Steel magnolia: Florida native thriving in Ottawa man's garden
It's 2,200 kilometres north of where it's supposed to grow, but a magnolia tree blooming in a suburban Ottawa backyard is anything but homesick.
The magnolia ashei grows, as a shrub or small tree, mainly in the wild in just a handful of counties in the Florida panhandle.
But Jim Marshall has been growing magnolias, almost entirely from seed, for five decades — so he decided to try an ashei seed he had purchased from the Magnolia Society.
He knew the climatic odds might be stacked against him when he planted the seed 16 years ago in his Ottawa backyard.
"So it's way north of its native range, but I thought it's worth a try — try new things, they sometimes surprise you," Marshall said.
Eight years later, it did just that when it bloomed. The flowers have nine white waxy petals, with a blush of purple in the centre and it grows 30 centimetres across at the widest point.
"It was very exciting. It's the novelty of growing it and I particularly like the fragrance of the flower. I'd rate this right up there with the best perfumes," said Marshall.
The tree, about 10 metres tall, resembles something found in tropical countries.
There's no definitive answer on why this one is managing to grow so far north, but Marshall has a theory that other arborists share.
"It's very possible the tree had a lot wider distribution before the last ice age," he said. "Magnolias are a very ancient species, about 65 million years old. And its relatives may well have been in this area at one time".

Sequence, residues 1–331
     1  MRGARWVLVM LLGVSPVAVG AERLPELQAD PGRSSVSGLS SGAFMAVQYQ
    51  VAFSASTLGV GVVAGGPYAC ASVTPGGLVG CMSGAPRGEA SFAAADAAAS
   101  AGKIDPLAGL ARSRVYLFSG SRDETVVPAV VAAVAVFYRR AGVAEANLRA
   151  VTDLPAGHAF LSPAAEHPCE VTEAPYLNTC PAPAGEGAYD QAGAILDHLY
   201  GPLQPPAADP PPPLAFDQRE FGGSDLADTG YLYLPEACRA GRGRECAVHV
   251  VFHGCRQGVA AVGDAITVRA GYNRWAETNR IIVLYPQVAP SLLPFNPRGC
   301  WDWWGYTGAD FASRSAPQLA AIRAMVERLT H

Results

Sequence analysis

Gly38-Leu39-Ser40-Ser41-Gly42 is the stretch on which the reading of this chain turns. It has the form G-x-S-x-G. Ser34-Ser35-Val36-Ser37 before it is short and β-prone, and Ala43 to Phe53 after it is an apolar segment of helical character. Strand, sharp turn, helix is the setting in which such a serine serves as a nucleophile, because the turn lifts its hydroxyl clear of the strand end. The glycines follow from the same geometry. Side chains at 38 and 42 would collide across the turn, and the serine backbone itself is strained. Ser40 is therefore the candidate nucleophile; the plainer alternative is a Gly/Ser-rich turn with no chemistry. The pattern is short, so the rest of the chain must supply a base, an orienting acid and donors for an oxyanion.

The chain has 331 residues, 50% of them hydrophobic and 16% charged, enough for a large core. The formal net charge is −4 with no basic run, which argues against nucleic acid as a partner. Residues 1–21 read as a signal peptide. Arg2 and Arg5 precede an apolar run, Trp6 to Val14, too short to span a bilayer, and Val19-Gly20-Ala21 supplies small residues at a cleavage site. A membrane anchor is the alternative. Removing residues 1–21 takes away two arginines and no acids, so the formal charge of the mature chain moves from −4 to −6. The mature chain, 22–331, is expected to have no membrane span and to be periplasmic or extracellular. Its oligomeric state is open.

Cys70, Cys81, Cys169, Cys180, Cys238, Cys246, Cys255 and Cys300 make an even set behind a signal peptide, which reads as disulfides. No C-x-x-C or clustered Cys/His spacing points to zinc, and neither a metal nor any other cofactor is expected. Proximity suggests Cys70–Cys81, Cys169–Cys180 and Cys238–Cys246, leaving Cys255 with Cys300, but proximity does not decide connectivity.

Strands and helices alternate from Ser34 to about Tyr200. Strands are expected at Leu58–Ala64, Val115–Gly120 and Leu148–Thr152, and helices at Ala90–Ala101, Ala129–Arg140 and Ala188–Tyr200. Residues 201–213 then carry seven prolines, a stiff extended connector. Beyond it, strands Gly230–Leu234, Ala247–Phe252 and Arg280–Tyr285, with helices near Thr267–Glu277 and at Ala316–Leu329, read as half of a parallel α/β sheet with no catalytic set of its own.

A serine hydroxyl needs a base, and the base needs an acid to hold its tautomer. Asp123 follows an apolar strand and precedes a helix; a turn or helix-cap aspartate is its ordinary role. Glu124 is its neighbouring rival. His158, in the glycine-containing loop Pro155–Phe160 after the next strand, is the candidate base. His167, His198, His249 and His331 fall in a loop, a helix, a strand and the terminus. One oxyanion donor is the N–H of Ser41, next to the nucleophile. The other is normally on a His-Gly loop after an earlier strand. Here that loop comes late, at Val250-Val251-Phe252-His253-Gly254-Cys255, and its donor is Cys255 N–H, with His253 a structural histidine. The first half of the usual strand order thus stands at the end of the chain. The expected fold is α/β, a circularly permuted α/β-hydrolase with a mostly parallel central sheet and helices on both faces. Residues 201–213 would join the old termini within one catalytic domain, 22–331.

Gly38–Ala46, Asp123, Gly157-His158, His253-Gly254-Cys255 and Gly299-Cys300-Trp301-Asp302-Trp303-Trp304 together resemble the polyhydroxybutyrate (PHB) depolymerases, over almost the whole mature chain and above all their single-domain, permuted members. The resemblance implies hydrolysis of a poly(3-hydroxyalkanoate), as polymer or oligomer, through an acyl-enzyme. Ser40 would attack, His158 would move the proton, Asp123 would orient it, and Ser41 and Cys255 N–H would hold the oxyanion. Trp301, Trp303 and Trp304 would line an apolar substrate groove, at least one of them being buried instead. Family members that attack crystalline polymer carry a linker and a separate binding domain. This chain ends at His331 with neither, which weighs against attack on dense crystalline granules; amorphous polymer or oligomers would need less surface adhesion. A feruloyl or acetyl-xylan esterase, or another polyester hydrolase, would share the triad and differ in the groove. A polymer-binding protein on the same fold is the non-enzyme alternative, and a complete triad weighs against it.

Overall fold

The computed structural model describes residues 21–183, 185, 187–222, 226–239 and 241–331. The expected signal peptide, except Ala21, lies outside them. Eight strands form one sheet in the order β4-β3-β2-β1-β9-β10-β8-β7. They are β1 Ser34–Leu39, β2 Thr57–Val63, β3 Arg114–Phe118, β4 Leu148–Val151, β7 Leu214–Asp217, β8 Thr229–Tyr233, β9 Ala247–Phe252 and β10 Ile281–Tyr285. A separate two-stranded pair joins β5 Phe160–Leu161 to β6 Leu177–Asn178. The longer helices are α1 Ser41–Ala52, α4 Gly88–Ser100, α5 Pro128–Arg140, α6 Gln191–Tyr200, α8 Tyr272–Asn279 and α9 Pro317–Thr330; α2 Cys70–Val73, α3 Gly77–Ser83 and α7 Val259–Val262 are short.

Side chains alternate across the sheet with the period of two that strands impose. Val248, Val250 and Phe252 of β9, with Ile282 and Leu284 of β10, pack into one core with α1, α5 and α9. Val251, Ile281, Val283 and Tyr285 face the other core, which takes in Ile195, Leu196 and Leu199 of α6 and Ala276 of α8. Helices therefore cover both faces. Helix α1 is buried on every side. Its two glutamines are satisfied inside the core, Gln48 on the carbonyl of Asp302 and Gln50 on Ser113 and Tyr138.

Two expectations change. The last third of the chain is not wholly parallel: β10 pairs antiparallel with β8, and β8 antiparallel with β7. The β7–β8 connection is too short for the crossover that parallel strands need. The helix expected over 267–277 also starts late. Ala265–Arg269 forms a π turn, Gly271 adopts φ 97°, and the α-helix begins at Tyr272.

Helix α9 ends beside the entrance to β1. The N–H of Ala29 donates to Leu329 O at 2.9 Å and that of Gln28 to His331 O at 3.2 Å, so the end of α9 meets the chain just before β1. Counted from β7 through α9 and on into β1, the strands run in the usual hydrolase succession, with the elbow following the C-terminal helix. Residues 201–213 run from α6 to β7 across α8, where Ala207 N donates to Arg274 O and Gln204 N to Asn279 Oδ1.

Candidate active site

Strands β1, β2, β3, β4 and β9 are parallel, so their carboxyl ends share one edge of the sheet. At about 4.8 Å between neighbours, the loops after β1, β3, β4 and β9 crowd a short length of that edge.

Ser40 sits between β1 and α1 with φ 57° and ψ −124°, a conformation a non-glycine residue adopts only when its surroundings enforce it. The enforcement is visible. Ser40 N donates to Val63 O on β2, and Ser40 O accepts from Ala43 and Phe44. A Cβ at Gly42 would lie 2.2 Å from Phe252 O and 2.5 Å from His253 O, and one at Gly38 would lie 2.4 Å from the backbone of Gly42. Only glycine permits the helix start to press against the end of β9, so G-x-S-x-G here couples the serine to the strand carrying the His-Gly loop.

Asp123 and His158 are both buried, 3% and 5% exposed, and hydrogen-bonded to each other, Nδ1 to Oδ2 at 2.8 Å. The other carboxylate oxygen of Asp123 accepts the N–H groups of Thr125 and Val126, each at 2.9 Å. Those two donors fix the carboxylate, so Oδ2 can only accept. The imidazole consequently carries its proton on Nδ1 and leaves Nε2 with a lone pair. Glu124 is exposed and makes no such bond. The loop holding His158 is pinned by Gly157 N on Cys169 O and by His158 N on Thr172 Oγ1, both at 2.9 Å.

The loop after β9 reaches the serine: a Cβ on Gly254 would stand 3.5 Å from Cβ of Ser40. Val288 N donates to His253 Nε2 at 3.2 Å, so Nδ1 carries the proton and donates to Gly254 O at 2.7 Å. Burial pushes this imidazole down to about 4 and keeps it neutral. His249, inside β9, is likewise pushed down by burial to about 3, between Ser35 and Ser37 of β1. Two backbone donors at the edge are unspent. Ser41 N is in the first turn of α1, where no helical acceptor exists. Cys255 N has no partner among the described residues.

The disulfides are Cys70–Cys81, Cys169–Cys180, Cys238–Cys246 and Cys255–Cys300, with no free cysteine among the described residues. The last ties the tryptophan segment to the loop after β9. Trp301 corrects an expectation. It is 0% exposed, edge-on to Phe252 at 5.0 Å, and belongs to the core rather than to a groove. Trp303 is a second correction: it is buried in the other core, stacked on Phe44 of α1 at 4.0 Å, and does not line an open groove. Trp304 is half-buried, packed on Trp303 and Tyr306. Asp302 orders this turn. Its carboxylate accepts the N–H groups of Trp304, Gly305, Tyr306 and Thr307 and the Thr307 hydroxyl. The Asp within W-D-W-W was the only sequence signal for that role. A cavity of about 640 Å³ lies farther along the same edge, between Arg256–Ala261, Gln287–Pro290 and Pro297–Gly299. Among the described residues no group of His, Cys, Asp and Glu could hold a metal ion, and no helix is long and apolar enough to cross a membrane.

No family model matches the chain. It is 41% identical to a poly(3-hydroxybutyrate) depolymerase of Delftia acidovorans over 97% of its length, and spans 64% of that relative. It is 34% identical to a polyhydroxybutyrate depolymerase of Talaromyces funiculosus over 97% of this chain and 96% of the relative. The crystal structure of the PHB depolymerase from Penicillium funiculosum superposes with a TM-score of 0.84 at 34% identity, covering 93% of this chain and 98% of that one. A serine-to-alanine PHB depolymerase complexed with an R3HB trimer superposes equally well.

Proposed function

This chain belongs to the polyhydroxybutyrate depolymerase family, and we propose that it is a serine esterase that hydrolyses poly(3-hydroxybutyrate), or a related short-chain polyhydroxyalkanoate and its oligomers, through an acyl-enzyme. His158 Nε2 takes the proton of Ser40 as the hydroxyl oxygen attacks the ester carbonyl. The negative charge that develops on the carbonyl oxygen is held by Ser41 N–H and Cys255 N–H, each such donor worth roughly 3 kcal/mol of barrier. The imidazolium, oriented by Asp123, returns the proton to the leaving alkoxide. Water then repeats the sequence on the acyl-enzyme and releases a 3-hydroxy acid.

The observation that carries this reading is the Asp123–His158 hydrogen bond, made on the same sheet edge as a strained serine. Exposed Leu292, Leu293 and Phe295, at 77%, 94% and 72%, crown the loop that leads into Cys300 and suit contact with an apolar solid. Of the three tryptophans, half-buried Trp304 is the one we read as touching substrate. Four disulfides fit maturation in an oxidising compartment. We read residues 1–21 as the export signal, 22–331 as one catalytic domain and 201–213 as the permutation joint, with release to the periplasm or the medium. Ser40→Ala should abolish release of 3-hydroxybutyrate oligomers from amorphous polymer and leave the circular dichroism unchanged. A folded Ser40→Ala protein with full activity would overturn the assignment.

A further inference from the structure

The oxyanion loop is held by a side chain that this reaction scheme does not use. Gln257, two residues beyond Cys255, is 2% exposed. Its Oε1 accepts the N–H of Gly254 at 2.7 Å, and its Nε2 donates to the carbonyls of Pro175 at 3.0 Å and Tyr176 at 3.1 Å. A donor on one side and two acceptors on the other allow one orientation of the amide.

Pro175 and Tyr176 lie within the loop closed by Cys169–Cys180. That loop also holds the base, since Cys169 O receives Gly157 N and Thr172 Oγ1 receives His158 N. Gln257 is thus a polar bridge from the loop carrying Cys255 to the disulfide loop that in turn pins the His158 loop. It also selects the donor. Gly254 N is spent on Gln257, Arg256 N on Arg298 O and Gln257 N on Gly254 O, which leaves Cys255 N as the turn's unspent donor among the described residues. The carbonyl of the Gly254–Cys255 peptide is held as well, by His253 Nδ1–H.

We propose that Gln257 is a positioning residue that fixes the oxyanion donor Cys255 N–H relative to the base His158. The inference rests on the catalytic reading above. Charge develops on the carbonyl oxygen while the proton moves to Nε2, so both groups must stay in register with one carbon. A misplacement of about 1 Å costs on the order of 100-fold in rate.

Marshall's large property is planted with more than four dozen species of Magnolia trees, so the ashei is shielded — which may also help explain its survival.
"It's fairly protected from the wind but there [is] only so much protection you can give them — when it's minus 40 C, it's minus 40 C."
Daniel Leonard teaches horticulture at the University of Florida Institute for Food and Agricultural Sciences in that state's panhandle region and said it was "awesome" to hear about Marshall's ashei.
"I [initially] thought, maybe he's misidentifying it or something," Leonard said. "The fact that they are growing and thriving there may cause researchers to rethink where the limits are for this plant. It's an incredible case. It really is."
Leonard said it's possible for the species to grow as far north as the southern shores of Lake Ontario, but that's still far away from the nation's capital.
Leonard said the number of Magnolia ashei trees is now in the few thousands, and they have been added to Florida's endangered plant list — meaning they can't be dug up, nor can an area where they grow be developed.
"You guys are growing it in Canada, and that is great because it says something about the future of the ashei," he said.
But as the tree adapts to the northern climate and its soil conditions, Leonard said the gene structure would change and the tree could become a completely different sub-species from the native Florida variety.
Jim Marshall is humble about his efforts in testing the established wisdom about range of where the ashei will grow.
"I didn't do anything except plant the seed," he said.
His backyard is dotted with more than five dozen pots of various magnolia tree seedlings that he propagates to share with friends and those living nearby.
"Well to the neighbours in this area, I'm sort of the Johnny Appleseed of magnolias," said Marshall.